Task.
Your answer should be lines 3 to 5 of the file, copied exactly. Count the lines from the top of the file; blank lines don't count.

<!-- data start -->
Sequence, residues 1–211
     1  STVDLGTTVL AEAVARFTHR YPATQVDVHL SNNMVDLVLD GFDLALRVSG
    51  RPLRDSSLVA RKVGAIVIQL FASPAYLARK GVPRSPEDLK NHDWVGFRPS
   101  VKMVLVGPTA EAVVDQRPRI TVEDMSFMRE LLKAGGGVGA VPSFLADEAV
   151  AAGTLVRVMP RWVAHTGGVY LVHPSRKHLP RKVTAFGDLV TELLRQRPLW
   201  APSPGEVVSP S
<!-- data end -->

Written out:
    51  RPLRDSSLVA RKVGAIVIQL FASPAYLARK GVPRSPEDLK NHDWVGFRPS
   101  VKMVLVGPTA EAVVDQRPRI TVEDMSFMRE LLKAGGGVGA VPSFLADEAV
   151  AAGTLVRVMP RWVAHTGGVY LVHPSRKHLP RKVTAFGDLV TELLRQRPLW